Impact Test Development for Large-Scale Composite Hull Panels for the "Mako" Patrol Craft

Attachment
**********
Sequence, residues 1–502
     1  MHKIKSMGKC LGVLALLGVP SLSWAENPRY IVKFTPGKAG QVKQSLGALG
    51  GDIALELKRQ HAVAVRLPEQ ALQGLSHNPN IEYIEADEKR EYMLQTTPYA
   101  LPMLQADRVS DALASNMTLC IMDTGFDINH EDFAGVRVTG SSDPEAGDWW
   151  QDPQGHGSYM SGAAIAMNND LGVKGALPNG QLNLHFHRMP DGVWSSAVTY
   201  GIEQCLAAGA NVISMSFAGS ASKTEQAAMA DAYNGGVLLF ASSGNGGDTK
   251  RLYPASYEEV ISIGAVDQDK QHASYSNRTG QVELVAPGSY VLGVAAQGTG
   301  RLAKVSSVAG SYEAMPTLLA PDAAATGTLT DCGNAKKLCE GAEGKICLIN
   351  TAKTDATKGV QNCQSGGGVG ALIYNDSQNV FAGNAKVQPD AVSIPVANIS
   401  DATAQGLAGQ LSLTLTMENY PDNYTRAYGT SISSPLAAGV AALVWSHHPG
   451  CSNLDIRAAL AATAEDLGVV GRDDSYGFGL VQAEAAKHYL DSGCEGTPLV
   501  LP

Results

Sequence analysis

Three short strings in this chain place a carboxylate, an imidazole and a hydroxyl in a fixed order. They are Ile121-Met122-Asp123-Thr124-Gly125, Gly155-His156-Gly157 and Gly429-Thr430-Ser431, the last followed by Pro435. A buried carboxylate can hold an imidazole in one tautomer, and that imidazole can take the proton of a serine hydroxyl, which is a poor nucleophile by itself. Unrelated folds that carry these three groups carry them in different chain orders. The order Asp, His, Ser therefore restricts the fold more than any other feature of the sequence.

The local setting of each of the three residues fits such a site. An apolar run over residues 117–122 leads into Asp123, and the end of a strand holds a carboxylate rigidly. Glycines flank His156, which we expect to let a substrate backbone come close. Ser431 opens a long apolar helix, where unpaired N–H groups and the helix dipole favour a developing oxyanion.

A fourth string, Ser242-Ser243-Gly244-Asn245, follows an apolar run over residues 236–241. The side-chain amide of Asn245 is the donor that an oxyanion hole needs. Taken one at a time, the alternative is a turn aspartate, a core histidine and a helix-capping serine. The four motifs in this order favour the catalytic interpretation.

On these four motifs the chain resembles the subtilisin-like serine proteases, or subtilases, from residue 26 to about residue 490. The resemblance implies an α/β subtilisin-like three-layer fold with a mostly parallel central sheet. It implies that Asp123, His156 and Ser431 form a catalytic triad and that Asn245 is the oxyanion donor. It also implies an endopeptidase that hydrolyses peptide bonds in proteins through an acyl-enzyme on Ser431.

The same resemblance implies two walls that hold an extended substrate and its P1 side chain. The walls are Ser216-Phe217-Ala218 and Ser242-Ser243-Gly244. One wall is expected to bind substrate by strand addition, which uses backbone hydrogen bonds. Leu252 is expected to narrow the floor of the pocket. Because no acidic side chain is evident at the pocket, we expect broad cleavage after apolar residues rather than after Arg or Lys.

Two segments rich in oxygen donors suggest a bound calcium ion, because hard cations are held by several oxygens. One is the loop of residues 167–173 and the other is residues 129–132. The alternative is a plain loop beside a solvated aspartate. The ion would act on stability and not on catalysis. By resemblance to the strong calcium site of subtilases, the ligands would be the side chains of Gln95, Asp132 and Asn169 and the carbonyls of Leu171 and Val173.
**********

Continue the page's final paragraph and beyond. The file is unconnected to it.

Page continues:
The Mark V patrol craft is used by the U.S. Navy Special Forces to carry Sea, Air and Land (SEAL) combat swimmers to and from operations. The boat is a high speed planning craft, designed for low to medium threat insertions and extractions. However, during a 2001 study the Navy found that Mark V crews were 5 times more likely to be injured under normal operating conditions than traditional navy crews. Most of these injuries were caused by high impact, repetitive wave slamming loads felt during high speed operations. The current vessel is aluminum, and it is hypothesized that changing the hull material from a metal to a composite designed to be impact absorbing could help mitigate the slamming loads felt by the crew. This thesis seeks to help address this problem by developing a test methodology to select the hull material for a patrol craft prototype called the Mako. The test fixture and protocol for impact testing hull panels were developed based on earlier work done at the Florida Institute of Technology. Four material combinations were considered: cored and single-skin carbon fiber/epoxy and cored and single-skin E-glass/vinyl ester. The material selection testing predicted that cored carbon would be the most efficient material selection for the Mark V.l from a weight and impact absorbance standpoint. Overall, the cored E-glass panels were the most impact absorbent; however there were no significant weight savings over the aluminum baseline with the cored E-glass panels. The aluminum panel was the heaviest and the least impact absorbent of all the four possible material options. A 250 Hz low-pass filter revealed that removing the high-frequency noise lead to an even greater advantage for the cored carbon panel over the aluminum. The filtered results show that the cored carbon panel is almost ten times more effective at filtering out the low frequency vibrations that cause damage during an impact event. This will not directly translate into a l0x reduction in the impact felt by Mako's crew, but it does provide a comparison of the effects of just the material change. A FFT analysis revealed that the significant frame mode is picked up by the panel accelerometers. Both the cored carbon and aluminum panels showed peaks at the frame frequency along the fore and aft accelerometers. However, the aluminum panel also picked up the frequency along the centerline accelerometers. This indicates that the vibration from the frame is transmitted through the entire aluminum panel, without any attenuation. The cored carbon panel, on the other hand, damps out the vibration before it transmits to the centerline accelerometers.